Search Here for Books

           and Audio

Some of my favorite books

silk painting  

Silk Painting : The Artist’s Guide to…

5 out of 5 starsBeautiful color, clear instructions, ideas for new technique, April 14, 1999
Reviewer: A reader from San Diego, CA

I thought this book was outstanding. It is a comprehensive manual describing the more popular techniques of silk painting, properties of silk, color, design, etc. This would be a good book to start with as a beginner. Advance painters would find useful info too.

 Silk Painting for Fashion and Fine Art :…

Editorial Reviews
Elevating silk painting to a high art form, this lushly illustrated book turns simple scarf decoration on its head. Some of the painted designs are so intricately detailed they look almost like photographs; others resemble glorious watercolor paintings. Techniques and tools are clearly explained, as are working with color and exploring design ideas. Be forewarned, however: a good portion of the book is devoted to advanced techniques, so the novice silk painter may not be able to jump right in. But for those with some prior experience, this volume really shines as a source of instruction and inspiration.
From the bestselling author of Silk Painting comes the first book that shows how to create fashions and beautiful silk paintings from painted silk fabrics. Includes techniques for making scarves, ties, dresses, decorative pillows, and fine art paintings. 200 color illustrations.


Beginner’s Guide to Silk Painting  

Editorial Reviews
Book Description 
With a few basic techniques — applying colors to wet or dry silk, create realistic or abstract designs. Explains the range of paints and dyes and how to use them.


The Best of Silk Painting

book cover 5 out of 5 starsExquisite pictoral view of silk painting at it’s best, October 4, 1997
Reviewer: from Sunnyvale, California

Janas and Tuckman’s best work yet! The heart and soul of silk painting shine through beautifully in this wonderful pictoral display of wall hangings, wearable art, and yardage. This book is not only a great tabletop accessory, but it is also an inspiration to the true artist in all of us

  The Artist’s Way : A Spiritual Path to..




With the basic principle that creative expression is the natural direction of life, Julia Cameron and Mark Bryan lead you through a comprehensive twelve-week program to recover your creativity from a variety of blocks, including limiting beliefs, fear, self-sabotage, jealousy, guilt, addictions, and other inhibiting forces, replacing them with artistic confidence and productivity.

This book links creativity to spirituality by showing how to connect with the creative energies of the universe, and has, in the four years since its publication, spawned a remarkable number of support groups for artists dedicated to practicing the exercises it contains.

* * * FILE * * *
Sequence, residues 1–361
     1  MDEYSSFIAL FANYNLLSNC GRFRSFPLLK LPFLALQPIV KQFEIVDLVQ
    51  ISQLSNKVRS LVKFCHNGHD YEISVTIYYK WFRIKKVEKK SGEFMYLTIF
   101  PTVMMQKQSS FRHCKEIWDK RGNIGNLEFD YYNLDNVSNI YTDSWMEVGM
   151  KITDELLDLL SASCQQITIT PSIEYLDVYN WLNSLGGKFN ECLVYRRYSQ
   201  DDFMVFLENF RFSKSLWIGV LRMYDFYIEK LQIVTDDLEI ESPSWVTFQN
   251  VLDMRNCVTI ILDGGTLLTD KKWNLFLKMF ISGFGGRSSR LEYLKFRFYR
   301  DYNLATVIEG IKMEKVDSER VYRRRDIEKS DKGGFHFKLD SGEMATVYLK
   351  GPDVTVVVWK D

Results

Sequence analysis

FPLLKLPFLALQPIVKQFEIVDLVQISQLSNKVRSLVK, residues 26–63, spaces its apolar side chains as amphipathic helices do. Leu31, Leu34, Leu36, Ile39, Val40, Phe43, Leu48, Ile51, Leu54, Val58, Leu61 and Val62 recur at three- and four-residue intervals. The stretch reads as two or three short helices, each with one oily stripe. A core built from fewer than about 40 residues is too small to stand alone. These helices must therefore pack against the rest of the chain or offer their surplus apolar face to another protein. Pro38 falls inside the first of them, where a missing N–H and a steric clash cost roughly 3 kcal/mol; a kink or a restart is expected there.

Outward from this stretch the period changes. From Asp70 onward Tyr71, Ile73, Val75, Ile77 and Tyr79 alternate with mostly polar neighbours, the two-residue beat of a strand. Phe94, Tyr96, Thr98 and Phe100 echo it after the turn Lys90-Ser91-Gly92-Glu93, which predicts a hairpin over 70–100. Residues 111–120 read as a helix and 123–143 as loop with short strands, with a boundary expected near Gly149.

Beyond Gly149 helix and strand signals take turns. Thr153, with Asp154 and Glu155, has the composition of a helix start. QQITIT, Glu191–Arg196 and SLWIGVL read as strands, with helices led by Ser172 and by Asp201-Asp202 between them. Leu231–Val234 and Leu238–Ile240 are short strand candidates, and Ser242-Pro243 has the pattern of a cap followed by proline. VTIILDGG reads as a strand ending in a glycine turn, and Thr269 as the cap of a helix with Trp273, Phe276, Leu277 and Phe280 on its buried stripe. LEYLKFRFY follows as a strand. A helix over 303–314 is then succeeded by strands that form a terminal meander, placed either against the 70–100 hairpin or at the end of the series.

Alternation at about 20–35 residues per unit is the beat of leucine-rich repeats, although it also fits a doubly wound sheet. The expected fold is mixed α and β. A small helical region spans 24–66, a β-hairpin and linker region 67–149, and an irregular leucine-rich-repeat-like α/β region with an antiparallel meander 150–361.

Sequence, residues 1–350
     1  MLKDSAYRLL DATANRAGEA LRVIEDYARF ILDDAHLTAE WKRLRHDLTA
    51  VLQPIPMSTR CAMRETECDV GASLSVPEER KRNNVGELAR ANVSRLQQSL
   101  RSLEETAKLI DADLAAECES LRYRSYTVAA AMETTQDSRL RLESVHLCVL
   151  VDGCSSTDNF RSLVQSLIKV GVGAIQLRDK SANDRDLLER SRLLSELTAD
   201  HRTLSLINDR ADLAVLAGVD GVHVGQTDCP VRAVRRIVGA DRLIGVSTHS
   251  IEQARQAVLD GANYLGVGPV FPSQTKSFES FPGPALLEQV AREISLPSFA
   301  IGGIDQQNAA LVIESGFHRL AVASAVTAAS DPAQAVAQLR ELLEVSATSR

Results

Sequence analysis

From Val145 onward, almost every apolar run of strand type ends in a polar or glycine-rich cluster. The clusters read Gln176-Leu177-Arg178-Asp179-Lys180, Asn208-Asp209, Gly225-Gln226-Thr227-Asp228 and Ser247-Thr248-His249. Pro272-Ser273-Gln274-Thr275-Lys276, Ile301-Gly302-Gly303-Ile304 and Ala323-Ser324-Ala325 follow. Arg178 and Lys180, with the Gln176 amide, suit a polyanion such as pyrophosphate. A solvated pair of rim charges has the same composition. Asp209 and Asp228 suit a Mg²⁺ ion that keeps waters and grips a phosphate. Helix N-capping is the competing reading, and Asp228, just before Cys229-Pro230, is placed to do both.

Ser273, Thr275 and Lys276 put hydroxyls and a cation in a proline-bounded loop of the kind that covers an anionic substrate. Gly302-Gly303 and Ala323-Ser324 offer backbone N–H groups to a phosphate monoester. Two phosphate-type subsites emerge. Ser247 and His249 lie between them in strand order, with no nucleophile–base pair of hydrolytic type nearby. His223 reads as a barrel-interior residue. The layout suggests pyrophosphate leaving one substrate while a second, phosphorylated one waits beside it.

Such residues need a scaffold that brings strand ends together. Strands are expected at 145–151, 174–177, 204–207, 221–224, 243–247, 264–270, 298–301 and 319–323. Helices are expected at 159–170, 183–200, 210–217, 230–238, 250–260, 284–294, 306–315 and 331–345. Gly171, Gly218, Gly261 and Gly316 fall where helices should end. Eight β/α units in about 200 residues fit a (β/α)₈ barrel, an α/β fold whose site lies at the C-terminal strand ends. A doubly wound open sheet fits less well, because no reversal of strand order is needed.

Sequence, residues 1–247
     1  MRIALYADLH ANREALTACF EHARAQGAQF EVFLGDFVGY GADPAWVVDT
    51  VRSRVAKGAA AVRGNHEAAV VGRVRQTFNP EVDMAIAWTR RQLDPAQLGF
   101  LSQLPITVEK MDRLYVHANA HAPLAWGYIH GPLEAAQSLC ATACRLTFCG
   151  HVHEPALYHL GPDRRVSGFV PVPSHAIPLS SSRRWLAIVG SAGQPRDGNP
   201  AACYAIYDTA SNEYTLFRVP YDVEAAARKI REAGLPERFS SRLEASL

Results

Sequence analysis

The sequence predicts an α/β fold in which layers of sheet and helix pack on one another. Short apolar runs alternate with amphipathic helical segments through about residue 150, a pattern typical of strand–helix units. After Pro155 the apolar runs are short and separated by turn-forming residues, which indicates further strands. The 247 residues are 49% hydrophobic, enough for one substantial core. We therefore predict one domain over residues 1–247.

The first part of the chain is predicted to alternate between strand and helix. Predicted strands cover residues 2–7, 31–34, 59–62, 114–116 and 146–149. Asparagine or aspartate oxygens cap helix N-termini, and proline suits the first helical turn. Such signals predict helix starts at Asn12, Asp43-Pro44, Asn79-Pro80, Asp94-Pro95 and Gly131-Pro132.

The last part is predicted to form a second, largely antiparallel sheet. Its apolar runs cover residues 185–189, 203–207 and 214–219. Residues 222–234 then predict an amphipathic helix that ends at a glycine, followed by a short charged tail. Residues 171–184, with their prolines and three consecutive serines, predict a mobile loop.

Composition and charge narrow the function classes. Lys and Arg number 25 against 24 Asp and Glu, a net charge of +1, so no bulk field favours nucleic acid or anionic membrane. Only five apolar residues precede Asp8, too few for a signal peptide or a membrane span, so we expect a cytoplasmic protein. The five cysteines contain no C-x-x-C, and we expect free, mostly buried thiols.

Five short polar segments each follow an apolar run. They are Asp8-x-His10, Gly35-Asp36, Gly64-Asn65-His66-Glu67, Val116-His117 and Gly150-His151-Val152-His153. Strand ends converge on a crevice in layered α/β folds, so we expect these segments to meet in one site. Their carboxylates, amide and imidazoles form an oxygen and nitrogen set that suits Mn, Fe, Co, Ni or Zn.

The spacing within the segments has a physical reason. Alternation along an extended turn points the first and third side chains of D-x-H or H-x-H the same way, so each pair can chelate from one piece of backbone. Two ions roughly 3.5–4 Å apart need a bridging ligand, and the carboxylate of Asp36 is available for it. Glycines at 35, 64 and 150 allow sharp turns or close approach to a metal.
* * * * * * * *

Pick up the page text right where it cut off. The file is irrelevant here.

The Artist’s Way at Work : Riding the…  
Editorial Reviews
From AudioFile
Adapting materials from Julia Cameron’s workbook, The Artist’s Way, Cameron and Bryan offer a similar program to help the listener overcome creative roadblocks at work. Cameron and Bryan alternate, calmly offering tools for people to survive and thrive in a hectic workplace. The tapes, designed to be implemented over 12 weeks, are better listened to at home, rather than in the car, a little at a time, as the authors give the listener exercises to prioritize goals. Cameron and Bryan’s soothing voices serve as a beacon of calm in a turbulent work world. The presentation, along with the pointers offered, may actually empower the listener to take control at work. H.L.S. � AudioFile 2000, Portland, Maine– Copyright � AudioFile, Portland, Maine


The Art Spirit : Notes, Articles,…

Reviewer: Helen Leitner from United States
This is a book of notes, articles, letters and student instruction from the teacher himself (not any ordinary teacher, mind you) about the concept and technique of picture making, the study of art generally and on appreciation. This is an easy read; one that can be read a bit at a time at leisure. It felt like a visit with an old friend. Full of inspiration and a touch of philosophy here and there, it brings it all together. I quote just this once from Mr. Henri: “Art appreciation, like love, cannot be done by proxy: It is a very personal affair and is necessary to each individual.” He is giving advice here on not following the critics! I include this to give the reader the “flavor” of the book. I feel this book is a must read for any artist…and a wonderful re-read, over and over again!


with Francine Dufour Jones